I trekked to the bookstore a couple days before Thanksgiving to pick up a copy of The Best American Short Stories: 2007. For the uninitiated, The Best American Short Stories series is an annual publication compiled by a guest editor. The selection process is subjective but comprehensive: The series editor spends the year digging through hundreds of American and Canadian literary journals in search of the best short stories of the year. Then a guest editor whittles down the series editor's selections into a manageable size. The 2007 edition, for example, features twenty stories and contains about four-hundred pages of delight. Well anyway, I went to the bookstore to satisfy a two-year addiction, but I was pleasantly surprised by three Maine connections in this year's edition.
The most prominent Mainer related to the Best Short Stories connection is the 2007 edition's guest editor, Stephen King. In his introduction he sounds a dour note about the lack of interest in the short story today, but boasts that he read "plenty of kick-ass stories this year," and that there wasn't a story included in this year's edition that didn't make him "want to crow 'Oh man, you gotta read this!'" Richard Russo, the Pulitzer Prize-winning author who lives in Camden, was among the featured writers and mined familiar territory with a story about a self-reflective literature professor. The most intriguing Maine contributor, though, is the late Beverly Jensen.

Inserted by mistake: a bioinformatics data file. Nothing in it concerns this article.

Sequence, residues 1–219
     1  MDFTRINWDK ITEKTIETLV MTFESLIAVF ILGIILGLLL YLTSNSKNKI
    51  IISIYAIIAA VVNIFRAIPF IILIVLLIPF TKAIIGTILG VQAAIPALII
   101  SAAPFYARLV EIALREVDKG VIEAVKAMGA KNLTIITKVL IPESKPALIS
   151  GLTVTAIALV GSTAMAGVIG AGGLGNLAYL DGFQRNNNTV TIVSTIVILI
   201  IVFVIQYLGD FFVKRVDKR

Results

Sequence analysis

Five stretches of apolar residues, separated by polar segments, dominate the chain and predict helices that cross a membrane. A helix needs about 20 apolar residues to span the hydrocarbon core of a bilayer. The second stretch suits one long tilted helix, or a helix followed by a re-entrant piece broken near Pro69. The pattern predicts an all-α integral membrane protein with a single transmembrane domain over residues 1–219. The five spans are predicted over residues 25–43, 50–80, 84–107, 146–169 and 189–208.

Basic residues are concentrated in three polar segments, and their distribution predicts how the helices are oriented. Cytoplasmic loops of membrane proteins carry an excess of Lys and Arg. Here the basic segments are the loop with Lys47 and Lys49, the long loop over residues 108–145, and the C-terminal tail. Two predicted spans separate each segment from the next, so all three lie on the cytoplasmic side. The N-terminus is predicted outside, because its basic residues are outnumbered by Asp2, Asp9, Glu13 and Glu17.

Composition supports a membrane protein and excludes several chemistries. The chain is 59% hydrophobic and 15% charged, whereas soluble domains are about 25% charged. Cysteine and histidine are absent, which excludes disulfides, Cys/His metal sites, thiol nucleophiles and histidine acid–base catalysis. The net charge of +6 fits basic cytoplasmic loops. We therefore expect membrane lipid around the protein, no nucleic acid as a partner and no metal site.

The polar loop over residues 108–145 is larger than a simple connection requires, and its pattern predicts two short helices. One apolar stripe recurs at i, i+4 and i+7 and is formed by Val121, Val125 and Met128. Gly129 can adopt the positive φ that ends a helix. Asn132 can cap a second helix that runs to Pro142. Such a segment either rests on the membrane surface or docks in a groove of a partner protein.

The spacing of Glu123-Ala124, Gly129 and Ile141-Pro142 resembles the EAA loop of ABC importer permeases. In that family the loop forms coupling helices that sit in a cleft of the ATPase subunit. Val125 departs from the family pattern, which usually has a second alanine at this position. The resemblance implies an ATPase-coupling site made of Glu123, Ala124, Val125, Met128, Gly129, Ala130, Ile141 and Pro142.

According to a biographical note Jensen, grew up in Westbrook, but died from pancreatic cancer in New York in 2003 at the age of forty-nine. Inspired by a real event taking place during a brutal nor'easter in 1956, Jensen's "Wake" was initially published posthumously in New England Review before being picked up by Stephen King and Co.
The story opens on a train platform in Boston when a brother and sister have just learned they've misplaced their father's coffin (stuffed with his corpse) on the train ride to Boston from Connecticut. And what follows is a hairy early-morning drive through Maine to New Brunswick, Canada where extended family and friends are awaiting the body for his wake. Jensen's writing is so vivid, the reader will feel the scratch of a wool jacket, the warm whiskey in the bellies of the gathered mourners, and the starkness of a cold church amid a January blizzard. Hmmm, sounds like a good story to read right about now.
I sincerely hope a collection of Beverly Jensen's other work is published in the future.
- John C.L. Morgan